My wife’s credit card was reissued recently and she had to go through the usual activation process. She placed the 800-number call and was prepared to go through some automated menus to activate the card. To her surprise, an actual human came on the line to ask her if she wanted to buy balance insurance for a little less than $1 per $100 of balance.
My first thought upon hearing her story was that credit card balance insurance must be very profitable if the bank is willing to pay people to annoy customers while they activate their credit cards. Even though she declined the insurance, I decided to investigate further.
Check out this pdf document from the Financial Consumer Agency of Canada for useful credit card balance insurance information. It turns out that this nearly 1% insurance charge is applied every month!
The Financial Consumer Agency offers this understated warning: “Credit balance insurance is usually more expensive than regular forms of disability or life insurance.” The insurance charges from the big 5 Canadian banks compound out to between 9.4% and 11.9% per year!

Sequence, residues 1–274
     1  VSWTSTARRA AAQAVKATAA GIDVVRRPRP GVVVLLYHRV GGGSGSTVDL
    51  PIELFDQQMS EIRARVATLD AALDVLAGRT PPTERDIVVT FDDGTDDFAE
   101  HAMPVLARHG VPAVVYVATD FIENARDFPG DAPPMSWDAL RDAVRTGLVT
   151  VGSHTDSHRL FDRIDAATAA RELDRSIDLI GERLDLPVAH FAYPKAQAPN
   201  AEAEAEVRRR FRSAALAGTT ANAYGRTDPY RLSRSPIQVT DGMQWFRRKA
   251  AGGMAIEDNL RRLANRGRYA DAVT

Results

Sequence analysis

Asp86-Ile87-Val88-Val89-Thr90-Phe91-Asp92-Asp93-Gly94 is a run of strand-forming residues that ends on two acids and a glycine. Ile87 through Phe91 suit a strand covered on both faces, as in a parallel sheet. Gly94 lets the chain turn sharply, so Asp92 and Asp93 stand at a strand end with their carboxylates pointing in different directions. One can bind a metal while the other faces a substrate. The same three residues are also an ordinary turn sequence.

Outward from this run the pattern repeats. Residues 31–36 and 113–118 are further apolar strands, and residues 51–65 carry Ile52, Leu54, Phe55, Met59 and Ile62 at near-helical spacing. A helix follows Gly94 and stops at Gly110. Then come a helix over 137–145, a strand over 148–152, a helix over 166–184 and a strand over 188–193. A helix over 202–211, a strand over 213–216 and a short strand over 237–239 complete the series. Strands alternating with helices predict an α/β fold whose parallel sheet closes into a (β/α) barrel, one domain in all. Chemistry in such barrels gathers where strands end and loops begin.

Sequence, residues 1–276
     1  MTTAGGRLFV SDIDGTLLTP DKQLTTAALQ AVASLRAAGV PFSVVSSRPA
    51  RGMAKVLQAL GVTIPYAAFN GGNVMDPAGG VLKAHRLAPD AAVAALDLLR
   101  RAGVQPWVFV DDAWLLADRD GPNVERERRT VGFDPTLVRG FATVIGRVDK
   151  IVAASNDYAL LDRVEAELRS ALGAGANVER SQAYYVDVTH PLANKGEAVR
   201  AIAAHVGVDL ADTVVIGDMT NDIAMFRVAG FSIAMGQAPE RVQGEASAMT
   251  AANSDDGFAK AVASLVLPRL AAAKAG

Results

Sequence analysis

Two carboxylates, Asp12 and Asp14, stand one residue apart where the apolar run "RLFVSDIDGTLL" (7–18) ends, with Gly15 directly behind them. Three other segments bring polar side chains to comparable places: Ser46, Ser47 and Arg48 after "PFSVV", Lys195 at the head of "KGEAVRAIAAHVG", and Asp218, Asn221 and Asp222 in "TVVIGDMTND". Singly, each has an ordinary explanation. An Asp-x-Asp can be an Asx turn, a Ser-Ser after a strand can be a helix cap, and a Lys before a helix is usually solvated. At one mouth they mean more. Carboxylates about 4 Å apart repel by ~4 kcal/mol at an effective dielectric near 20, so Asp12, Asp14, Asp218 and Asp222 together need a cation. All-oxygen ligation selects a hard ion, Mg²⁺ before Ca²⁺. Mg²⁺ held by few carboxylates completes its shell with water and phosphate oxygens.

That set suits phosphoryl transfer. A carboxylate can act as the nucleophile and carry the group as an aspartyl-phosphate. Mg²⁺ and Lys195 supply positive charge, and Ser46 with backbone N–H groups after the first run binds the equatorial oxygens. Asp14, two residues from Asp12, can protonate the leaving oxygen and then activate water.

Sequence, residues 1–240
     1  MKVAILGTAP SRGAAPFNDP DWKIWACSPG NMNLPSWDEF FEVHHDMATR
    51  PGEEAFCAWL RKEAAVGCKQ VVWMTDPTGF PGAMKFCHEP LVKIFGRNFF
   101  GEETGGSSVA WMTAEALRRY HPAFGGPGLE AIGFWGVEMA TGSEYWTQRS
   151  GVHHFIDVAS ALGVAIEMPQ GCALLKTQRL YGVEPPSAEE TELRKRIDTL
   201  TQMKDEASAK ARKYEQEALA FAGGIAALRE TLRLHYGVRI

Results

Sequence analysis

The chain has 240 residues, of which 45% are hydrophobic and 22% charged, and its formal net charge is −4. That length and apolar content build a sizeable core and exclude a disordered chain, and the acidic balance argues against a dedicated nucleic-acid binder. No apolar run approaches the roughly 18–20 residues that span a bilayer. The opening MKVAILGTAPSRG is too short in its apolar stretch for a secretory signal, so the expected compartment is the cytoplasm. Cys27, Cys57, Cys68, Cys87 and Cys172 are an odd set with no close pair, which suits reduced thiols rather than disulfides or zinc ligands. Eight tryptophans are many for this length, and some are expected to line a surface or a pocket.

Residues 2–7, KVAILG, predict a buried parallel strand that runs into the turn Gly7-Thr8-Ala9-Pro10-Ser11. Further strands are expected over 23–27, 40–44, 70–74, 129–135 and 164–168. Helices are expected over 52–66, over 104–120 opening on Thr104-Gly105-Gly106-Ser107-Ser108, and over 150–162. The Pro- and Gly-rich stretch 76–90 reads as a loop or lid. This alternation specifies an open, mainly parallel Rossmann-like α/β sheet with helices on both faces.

The list of conditions that must be met to collect on the insurance contains the following ominous line: “your account must be in good standing.” I’m not sure how “good standing” is defined, but it seems like something that could be used to deny insurance coverage just when you need it. If you’re thinking of paying for credit card balance insurance, you should find out what “good standing” means.
Unless I get some evidence to the contrary, I’m going to lump credit card balance insurance into the same category as extended insurance coverage on consumer items: pure profit for the sellers. All such offers sound to me like “would you like to pay extra for that?”